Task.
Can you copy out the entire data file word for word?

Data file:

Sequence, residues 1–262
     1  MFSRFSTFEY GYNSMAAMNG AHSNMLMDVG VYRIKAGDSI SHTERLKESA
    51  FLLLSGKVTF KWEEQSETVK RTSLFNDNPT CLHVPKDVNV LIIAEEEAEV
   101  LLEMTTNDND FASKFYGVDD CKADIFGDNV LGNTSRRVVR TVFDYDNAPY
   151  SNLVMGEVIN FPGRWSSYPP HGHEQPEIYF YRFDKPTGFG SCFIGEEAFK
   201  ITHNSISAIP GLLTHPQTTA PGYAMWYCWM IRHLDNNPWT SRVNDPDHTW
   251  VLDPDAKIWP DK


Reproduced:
Sequence, residues 1–262
     1  MFSRFSTFEY GYNSMAAMNG AHSNMLMDVG VYRIKAGDSI SHTERLKESA
    51  FLLLSGKVTF KWEEQSETVK RTSLFNDNPT CLHVPKDVNV LIIAEEEAEV
   101  LLEMTTNDND FASKFYGVDD CKADIFGDNV LGNTSRRVVR TVFDYDNAPY
   151  SNLVMGEVIN FPGRWSSYPP HGHEQPEIYF YRFDKPTGFG SCFIGEEAFK
   201  ITHNSISAIP GLLTHPQTTA PGYAMWYCWM IRHLDNNPWT SRVNDPDHTW
   251  VLDPDAKIWP DK